Advance directives: what you need to know to be in compliance with Ftag F578

March 30, 2023
Polaris Group
March 30, 2023

Understand Ftag F578 and ensure your community is in compliance!

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What are advance directives?

Advance directives are legal documents that give instructions for medical care should a person be unable to communicate their own wishes. The two most common advance directives are a living will and durable power of attorney for health care. A living will outlines the medical treatments a person would want or not want and under what conditions each choice applies to guide medical treatment. A durable power of attorney for health care is a legal document that names your health care proxy; a person who can make health care decisions for you if you are unable to communicate these yourself.

What CMS policies apply to advance directives in long-term care?

The CMS Interpretive Guidance states that facilities are required to obtain a written record of resident advance directives upon admission and maintained in the medical record. Importantly, residents have a right to refuse to create an advance directive so the advance directive or the refusal to create an advance directive must be documented.

What should you be aware of regarding Ftag 578 citations?

The Interpretive Guidance specifically states that the advance directives must be kept in the same section of each of the resident’s medical records and must be readily visible to all facility staff. This is a frequent citation. The regulation also requires the advance directives be reviewed periodically to ensure there are no changes to the resident/representative’s preference.

What should be included in policies and procedures for advance directive documentation?

Your facility’s policies and procedures should include the following components:

  • How it is determined that an advance directive is in place, upon admission.
  • How it is determined that the resident wishes to formulate an advance directive.
  • How information about the right to formulate an advance directive is provided in a manner easily understandable.
  • How advance directive information is reviewed as part of the care planning process for updates.
  • Facility processes for addressing situations where physicians or staff do not believe they can provide care in accordance with the residents’ advance directives on the basis of conscientious objection.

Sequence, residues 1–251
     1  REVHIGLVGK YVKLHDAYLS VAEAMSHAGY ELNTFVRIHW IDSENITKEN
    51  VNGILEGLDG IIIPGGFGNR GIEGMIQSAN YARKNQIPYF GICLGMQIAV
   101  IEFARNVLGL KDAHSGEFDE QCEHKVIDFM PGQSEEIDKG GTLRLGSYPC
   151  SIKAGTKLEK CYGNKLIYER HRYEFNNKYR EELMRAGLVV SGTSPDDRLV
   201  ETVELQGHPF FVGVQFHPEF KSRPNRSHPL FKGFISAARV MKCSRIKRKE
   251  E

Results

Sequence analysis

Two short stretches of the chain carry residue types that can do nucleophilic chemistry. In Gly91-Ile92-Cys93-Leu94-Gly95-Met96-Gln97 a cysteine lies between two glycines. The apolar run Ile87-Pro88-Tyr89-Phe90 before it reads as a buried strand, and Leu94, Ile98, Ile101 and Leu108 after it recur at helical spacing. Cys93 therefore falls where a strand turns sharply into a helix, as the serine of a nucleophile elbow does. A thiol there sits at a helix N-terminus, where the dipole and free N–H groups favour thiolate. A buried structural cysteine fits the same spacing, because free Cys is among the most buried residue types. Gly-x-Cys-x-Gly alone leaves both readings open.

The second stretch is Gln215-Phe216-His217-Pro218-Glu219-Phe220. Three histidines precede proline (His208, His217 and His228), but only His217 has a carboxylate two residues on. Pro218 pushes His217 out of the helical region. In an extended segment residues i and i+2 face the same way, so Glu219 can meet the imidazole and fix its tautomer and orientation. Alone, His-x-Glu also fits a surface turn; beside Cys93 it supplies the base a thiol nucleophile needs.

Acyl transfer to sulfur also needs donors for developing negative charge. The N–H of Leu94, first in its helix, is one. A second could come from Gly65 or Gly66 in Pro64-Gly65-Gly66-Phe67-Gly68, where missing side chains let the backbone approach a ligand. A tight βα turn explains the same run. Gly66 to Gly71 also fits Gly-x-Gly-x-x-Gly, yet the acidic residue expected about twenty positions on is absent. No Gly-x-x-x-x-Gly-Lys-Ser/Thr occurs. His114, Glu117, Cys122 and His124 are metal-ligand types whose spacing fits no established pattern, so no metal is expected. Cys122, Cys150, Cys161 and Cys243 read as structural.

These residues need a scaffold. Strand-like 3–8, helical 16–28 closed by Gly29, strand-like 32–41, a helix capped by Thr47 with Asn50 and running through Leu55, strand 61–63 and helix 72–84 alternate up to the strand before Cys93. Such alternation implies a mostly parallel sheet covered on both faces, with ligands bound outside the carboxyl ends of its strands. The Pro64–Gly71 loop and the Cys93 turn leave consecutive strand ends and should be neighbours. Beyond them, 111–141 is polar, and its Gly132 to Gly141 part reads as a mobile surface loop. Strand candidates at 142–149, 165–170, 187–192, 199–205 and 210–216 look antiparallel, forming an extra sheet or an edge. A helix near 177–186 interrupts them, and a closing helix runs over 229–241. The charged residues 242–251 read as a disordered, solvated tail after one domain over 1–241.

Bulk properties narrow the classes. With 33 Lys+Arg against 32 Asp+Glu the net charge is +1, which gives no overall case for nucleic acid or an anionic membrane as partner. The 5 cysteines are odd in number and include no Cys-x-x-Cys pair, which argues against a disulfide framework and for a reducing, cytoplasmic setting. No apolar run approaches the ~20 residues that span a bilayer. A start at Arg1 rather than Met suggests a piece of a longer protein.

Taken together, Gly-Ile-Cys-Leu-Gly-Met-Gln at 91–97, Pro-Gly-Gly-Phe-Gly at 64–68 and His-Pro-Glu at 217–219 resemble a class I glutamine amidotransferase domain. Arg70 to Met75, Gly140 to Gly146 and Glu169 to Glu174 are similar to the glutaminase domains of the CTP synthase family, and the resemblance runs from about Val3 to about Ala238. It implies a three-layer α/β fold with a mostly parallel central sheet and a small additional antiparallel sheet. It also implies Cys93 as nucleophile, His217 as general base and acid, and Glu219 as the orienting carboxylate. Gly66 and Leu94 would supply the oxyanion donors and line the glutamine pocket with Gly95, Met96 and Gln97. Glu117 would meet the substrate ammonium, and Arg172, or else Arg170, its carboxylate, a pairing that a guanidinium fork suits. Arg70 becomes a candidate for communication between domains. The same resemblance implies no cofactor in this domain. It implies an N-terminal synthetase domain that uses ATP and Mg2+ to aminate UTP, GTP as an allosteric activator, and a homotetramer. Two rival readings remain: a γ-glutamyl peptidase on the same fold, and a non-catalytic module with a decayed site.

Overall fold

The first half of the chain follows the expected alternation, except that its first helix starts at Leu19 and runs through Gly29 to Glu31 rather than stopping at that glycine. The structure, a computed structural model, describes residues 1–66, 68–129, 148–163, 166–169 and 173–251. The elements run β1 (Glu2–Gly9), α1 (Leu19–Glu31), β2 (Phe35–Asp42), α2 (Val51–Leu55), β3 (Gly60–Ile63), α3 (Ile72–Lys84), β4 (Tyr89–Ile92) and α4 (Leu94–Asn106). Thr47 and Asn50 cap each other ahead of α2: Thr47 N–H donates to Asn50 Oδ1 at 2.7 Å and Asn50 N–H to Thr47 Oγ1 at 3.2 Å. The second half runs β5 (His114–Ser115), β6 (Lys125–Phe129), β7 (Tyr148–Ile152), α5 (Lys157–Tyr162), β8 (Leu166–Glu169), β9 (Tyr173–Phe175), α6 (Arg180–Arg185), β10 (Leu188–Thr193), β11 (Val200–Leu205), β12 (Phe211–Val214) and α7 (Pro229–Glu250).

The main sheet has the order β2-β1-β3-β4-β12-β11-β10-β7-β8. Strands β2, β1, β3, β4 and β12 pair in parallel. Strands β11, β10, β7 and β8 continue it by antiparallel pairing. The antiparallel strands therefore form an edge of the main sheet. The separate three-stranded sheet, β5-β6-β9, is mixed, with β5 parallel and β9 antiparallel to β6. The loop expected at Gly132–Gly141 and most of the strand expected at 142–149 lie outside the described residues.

• How the facility utilizes their Ethics Committee in situations of discrepancy between advance directives and staff conscientious objections.


What are the action steps to ensure compliance with Ftag F578?
  • Ensure a current copy of advance directive is in the medical record for each resident.  If the red/green sticker system on the chart binder is used, make sure your facility has a system in place to review for accuracy.  
  • Make sure there is a system in place to ensure the stickers adhere to the medical record binding.
  • Ensure there is a current paper list of all advance directives readily available in the event the facility EMR is offline.
  • Ensure that the right advance directive is in the right medical record. Routinely audit records of those residents with same last names and/or same set of initials to ensure the right resident has the correct information in the correct chart.
  • Ensure the physician order matches the resident advance directive wishes. The optimal time to review this matching is when admission orders are reviewed at clinical stand-up meetings.
  • Define and designate personnel to be responsible for ensuring documents are filed accurately and timely.
  • Ensure all completed advance directive paperwork includes resident and representative input, signatures, and dates.
What else should my facility be aware of regarding this Ftag?

In response to the new focus on this FTag, facilities are developing committees and/or working sessions to review each medical record for accurate advance directives on a routine basis. Other facilities are implementing tickler (or reminder) systems and/or managing compliance through spreadsheets. Facility staff should meet with residents or their representatives on a quarterly basis at care conferences, at a minimum to discuss advance directives.

Nationally in 2022, F578 was most frequently cited as a “D” level deficiency based on the number of resident records identified with concerns. Further, in the first quarter of 2023, Polaris consultants are seeing state citations across the country at an IJ level.

Polaris Group consultants can help your facility ensure F578 compliance through mock surveys and other consultative services. Reach out for assistance for your facility today.

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